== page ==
The viola at the music school: A long awakened sleeping beauty



Thanks to professional groundwork, the viola is equal to other instruments at music schools as of today.


Ursula Schlatter, MKZ

The specialist representative for violin and viola at the Musikschule Konservatorium Zürich MKZ (Music School Conservatory Zurich) Ursula Schlatter, breaks any viola stereotypes right at the beginning of our conversation. Neither parents nor kids seem biased about the viola. During the info workshops in spring, Switzerland’s largest music school has been providing, for many years, separate rooms to try all the instruments – including the viola. The viola used to be treated as the violin’s sidekick, but these times have passed. Kids often compare the sound, then choose unprejudiced the instrument they like the most. Thanks to the great availability of high-quality kids instruments, there’s barely any reason not to start with the viola. In the past, less than ideal practices were common, like stringing a violin with viola strings due to a lack of child sized instruments – an absolute no no, as experts agree. Experts and understanding teachers offer kids who they see suitable as violists to play the larger string instrument, every now and then. Some kids find a lasting interest in the dark and powerful sound. In Zürich, nobody has to worry about ensemble playing opportunities when choosing their instrument. Every kid can play somewhere at the MKZ: all grades feature multiple ensembles, early orchestra, orchestra, symphony orchestra and bands.

Targeted support
The statistics state that the number of viola students at the MKZ is steadily growing. While back in 2001/02 there were only 12 students, today there are 45. The majority starts on the violin, then changes to the viola later, however more often than not students choose to start out on the viola (4 kids in the academic year 2018/19, for example). The MKZ orchestras support the change to the viola, by providing instruments free of charge. The training is further supported by the string classes, a program offered in collaboration with the Volksschule. Many kids make their first contact with the viola here.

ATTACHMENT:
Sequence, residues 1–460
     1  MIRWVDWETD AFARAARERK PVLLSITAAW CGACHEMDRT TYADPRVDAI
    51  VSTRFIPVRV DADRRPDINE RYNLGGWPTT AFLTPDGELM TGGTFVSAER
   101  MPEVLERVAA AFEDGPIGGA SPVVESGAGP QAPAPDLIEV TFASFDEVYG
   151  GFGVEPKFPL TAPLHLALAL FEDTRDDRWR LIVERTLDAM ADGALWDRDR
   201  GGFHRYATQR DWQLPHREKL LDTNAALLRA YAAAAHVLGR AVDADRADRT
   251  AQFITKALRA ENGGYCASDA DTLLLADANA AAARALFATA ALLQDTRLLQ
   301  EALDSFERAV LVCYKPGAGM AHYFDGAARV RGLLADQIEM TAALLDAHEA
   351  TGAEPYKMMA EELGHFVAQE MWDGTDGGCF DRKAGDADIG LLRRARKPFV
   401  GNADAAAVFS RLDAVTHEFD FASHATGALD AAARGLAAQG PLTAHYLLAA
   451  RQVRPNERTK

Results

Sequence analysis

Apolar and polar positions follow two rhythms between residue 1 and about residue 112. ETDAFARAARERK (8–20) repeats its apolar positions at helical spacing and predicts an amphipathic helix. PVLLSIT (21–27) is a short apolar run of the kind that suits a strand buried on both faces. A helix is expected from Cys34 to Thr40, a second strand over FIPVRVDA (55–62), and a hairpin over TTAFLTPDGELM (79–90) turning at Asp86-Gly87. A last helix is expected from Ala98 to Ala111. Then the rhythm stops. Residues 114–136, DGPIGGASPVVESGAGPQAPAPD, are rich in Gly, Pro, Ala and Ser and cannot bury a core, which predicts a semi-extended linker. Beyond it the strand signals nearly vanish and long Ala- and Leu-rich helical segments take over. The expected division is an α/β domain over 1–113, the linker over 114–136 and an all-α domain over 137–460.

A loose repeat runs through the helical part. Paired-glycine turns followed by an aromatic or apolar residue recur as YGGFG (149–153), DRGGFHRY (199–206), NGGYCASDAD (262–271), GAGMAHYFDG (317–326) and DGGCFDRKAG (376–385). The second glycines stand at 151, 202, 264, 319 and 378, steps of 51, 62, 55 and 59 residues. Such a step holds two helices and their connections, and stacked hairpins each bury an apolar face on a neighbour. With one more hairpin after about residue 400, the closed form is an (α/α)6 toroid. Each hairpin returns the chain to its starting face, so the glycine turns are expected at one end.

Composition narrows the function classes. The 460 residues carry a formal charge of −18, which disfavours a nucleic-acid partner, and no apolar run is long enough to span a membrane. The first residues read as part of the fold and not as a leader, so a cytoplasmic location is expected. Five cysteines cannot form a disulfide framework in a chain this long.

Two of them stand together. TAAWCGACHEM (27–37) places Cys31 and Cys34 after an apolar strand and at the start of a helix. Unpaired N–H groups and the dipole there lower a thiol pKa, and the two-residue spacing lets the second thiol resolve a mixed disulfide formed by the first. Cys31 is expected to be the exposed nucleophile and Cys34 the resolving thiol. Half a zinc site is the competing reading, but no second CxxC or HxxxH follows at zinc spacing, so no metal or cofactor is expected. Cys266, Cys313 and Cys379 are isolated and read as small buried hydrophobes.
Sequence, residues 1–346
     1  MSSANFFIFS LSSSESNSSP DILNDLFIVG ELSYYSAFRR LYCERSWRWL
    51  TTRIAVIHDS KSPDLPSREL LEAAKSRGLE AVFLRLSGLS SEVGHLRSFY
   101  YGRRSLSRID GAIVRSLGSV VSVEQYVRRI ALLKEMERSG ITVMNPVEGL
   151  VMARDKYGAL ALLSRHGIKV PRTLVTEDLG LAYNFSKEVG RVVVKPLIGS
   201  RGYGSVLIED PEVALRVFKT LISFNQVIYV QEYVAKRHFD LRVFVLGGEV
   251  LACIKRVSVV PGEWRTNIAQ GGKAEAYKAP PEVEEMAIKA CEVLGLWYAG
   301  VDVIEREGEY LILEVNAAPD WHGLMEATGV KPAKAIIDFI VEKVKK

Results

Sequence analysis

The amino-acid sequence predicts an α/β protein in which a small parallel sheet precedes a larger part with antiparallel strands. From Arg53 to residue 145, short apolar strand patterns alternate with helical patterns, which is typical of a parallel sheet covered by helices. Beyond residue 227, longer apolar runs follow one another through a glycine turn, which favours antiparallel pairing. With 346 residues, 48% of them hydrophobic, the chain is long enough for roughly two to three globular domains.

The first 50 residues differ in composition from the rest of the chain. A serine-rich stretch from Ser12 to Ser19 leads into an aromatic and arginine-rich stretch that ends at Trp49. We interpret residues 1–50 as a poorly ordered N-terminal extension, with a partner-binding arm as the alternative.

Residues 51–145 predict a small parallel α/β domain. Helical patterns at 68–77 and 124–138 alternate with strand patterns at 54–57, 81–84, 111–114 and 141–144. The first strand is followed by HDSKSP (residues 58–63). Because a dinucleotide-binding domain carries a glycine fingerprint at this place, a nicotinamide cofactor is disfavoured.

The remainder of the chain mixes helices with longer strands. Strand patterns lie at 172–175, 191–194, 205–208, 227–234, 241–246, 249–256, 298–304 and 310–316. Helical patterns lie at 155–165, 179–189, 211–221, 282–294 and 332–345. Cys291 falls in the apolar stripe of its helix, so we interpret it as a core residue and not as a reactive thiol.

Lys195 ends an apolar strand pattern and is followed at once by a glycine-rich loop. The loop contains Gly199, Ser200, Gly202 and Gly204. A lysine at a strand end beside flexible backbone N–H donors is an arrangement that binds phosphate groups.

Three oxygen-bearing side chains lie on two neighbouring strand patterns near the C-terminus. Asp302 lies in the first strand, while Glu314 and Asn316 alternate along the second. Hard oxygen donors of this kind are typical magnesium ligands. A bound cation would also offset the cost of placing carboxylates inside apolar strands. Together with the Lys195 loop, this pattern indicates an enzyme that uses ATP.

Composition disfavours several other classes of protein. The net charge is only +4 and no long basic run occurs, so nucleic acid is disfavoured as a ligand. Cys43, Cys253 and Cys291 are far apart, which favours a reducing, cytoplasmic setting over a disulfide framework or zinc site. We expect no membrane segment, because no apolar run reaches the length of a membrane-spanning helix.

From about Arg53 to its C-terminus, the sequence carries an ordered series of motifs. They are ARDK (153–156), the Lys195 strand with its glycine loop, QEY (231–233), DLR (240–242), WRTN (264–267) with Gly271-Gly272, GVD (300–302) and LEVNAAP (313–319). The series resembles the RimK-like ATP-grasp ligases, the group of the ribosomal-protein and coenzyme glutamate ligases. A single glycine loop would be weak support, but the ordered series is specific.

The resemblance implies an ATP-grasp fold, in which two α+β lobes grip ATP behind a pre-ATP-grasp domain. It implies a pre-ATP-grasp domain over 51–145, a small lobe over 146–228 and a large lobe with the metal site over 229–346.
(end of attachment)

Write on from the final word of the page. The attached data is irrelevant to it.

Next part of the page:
As of today, many violin students at conservatories also study a minor in viola. That’s why many violinists also make qualified viola teachers, at least in the beginning grades. The MKZ currently employs 51 violin teachers, thereof 17 who double in viola. A few perform on the viola, but also teach violin.


Viola "Stauffer" 1615
by Girolamo Amati (1548-1630)

In pedagogic regards there’s no difference between the instruments, says Ursula Schlatter, however between the instruments there is: the sizes and their operation, sound and sonority diverge noticeably. Ursula Schlatter usually forwards her viola students to a viola expert, once they reach a certain level.
Ursula Schlatter rejects attempts of allocating young students to an instrument based on their character: «This is a tricky decision. Characters develop as we grow older. This kind of allocation is too early for kids.»
For adults however, characteristics matter for their choice of instruments: «An alpha leader won’t play the viola. The effort to fit in is bigger with the viola, than it is with the other string instruments.»

Stay tuned for part 2:
The Viola at university: Increasing Demand



Easy pieces, suitable/written for beginners

 A. J. Hanson (on Facebook) wrote on 28.10.2018 at 18:25
I tell my young violists that they are the most important people in the string section- they often play the third of the chord- they have the power to control whether the music is happy or sad...
 M. Newport (on Facebook) wrote on 30.10.2018 at 12:45
And of course - the great J S Bach was also a Viola player :)

Niklaus Rüegg
This blog article is written by Niklaus Rüegg, graduate of the Zurich International Opera Studio, graduate of the Basel Opera Academy, twice winner of the Migros Gifted Scholarship, numerous engagements in opera, operetta, musicals and concerts in Switzerland and abroad.
Rüegg has also been working as a music journalist for ten years and is responsible for the association pages of the VMS (Verband Musikschulen Schweiz) in the Schweizer Musikzeitung. As a young man, Niklaus Rüegg had played the violin and viola.

Photos: Niklaus Rüegg and Mark Walder

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